A look at the various theories of minority, or minority-led, action to establish ‘socialism’ — essentially Lenin’s Bolshevism and its various offshoots, Stalinism, Trotskyism, Maoism, Castroism, etc. — confirms that in practice these were the ideologies of would-be national ruling classes aiming to industrialize economically backward parts of the world through a policy of state capitalism, mistakenly called ‘socialism’. Their tactics — vanguard party, violent insurrection, ruthless measures against the old rulers and all opponents — are thus quite irrelevant for a genuine Socialist movement, though superficially attractive to those who want radical social change yet despair of ever winning over a currently indifferent or conservative-minded working class. In the unlikely event of them being successful in some highly industrialised country the outcome would be some form of state capitalism, certainly not Socialism.

Any adequate theory as to how to establish Socialism must have as its basic premise that this must be the work of a democratically-organised, socialist-minded working class majority. That the socialist revolution, in other words, must be a majority revolution. Let us follow through the implications of this.

The State machine, being both the public power of coercion and the centre of social administration, must be taken over before capitalism can be abolished and Socialism established, first to prevent it being used to resist this change and, secondly, in order to centrally co-ordinate it. This would not be denied by many of those who advocate minority action. But from here on a basic difference emerges. They repudiate the policy of trying to convince, by peaceful persuasion, a majority to join them in their struggle; in short, they reject democratic methods. Instead they favour minority action, first to disrupt society and undermine the majority-supported government and, then, to take advantage of the resulting social and political instability to seize government power themselves in an armed uprising.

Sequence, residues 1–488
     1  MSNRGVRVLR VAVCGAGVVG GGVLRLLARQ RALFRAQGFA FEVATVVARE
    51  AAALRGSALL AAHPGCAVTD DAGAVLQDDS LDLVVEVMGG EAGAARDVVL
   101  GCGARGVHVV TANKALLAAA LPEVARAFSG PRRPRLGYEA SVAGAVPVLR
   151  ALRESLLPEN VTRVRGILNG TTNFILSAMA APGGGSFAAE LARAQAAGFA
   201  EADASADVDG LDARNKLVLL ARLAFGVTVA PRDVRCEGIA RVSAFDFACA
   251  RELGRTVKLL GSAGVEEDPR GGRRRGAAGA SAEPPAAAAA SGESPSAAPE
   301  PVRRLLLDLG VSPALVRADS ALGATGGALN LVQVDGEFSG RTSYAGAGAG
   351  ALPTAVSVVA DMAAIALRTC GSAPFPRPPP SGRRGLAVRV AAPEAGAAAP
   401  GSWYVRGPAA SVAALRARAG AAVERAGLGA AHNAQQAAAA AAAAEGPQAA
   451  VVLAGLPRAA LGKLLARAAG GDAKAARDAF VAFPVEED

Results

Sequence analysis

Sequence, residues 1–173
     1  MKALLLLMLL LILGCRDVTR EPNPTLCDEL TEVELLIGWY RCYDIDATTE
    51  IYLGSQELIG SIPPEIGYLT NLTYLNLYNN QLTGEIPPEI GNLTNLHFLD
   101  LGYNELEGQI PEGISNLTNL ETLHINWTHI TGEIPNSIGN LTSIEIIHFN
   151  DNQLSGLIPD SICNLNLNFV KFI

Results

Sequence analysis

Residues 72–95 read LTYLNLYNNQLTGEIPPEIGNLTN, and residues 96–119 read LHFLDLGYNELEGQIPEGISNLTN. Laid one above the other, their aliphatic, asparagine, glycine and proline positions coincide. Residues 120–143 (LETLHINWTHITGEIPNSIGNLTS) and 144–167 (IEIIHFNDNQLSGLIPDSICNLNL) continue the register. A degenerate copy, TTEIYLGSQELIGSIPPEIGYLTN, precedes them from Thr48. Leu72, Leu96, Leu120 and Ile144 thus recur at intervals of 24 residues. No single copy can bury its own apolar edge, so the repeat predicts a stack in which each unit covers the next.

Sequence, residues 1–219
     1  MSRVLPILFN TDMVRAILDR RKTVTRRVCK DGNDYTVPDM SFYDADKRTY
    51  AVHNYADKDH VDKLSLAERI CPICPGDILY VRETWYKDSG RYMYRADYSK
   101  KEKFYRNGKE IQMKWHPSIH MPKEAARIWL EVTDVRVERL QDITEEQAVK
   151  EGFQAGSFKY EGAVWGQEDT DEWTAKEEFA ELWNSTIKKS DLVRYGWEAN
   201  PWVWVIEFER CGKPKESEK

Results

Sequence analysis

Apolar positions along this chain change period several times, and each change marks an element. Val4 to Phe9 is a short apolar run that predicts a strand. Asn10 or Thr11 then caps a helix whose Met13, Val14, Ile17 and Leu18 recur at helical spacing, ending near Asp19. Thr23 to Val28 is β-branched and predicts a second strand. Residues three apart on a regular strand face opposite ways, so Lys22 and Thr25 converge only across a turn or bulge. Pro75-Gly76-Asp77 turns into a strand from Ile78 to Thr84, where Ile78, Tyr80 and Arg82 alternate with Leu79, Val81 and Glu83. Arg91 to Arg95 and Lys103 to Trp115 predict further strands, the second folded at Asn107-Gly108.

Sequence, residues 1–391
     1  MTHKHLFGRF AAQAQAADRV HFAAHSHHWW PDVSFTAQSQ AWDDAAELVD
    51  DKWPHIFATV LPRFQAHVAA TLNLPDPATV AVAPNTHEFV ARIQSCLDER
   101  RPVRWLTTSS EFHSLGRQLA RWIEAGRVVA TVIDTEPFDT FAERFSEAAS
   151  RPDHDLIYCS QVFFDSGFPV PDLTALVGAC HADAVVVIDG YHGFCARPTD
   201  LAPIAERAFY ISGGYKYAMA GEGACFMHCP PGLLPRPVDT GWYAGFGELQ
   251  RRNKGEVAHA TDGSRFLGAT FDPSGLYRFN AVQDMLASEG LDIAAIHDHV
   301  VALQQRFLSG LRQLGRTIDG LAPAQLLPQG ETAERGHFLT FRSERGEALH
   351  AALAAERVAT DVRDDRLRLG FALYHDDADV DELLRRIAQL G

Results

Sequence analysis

Those who realise that the Socialist revolution can only be a majority revolution have no need to consider such a method of winning State power (which would almost certainly fail anyway with the loss of many innocent working class lives). Once capitalist conditions, including the persuasive efforts of a one-time Socialist minority, have created a Socialist majority the question is: What is the easiest method of winning control of the State?